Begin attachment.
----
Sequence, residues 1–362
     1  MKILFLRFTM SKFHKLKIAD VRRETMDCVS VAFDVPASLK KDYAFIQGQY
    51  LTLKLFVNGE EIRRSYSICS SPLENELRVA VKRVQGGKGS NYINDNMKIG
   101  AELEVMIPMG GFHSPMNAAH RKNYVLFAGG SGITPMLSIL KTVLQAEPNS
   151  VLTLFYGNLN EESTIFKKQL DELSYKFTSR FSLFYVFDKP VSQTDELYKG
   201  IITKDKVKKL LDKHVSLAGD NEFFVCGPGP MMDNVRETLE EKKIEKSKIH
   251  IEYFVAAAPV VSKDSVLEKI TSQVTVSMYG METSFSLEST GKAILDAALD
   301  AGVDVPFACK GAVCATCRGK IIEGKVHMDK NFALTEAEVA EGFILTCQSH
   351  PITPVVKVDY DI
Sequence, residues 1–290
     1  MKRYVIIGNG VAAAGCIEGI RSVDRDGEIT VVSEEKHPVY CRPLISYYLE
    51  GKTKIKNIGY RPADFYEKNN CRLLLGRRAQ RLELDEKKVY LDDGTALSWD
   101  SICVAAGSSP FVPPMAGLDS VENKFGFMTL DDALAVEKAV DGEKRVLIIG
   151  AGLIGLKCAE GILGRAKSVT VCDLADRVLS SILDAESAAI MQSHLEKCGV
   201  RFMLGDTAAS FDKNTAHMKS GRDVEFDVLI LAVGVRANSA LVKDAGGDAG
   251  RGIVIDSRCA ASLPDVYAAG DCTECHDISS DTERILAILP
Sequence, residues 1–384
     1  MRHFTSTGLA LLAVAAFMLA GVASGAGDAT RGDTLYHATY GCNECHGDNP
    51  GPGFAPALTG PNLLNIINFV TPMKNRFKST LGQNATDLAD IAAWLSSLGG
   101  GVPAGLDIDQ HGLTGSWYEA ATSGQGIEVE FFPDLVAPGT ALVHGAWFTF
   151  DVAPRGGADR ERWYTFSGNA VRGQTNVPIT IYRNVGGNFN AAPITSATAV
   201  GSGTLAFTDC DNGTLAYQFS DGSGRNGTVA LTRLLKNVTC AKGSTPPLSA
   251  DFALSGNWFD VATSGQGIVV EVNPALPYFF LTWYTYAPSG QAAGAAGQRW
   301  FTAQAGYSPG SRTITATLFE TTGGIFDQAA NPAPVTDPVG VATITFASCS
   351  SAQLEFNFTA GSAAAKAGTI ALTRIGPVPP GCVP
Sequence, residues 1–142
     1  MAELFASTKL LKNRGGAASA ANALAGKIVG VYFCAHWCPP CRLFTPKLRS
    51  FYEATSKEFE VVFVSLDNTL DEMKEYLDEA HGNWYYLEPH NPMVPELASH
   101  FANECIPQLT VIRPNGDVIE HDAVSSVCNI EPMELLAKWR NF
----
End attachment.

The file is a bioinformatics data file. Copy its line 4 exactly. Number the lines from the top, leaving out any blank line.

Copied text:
   101  AELEVMIPMG GFHSPMNAAH RKNYVLFAGG SGITPMLSIL KTVLQAEPNS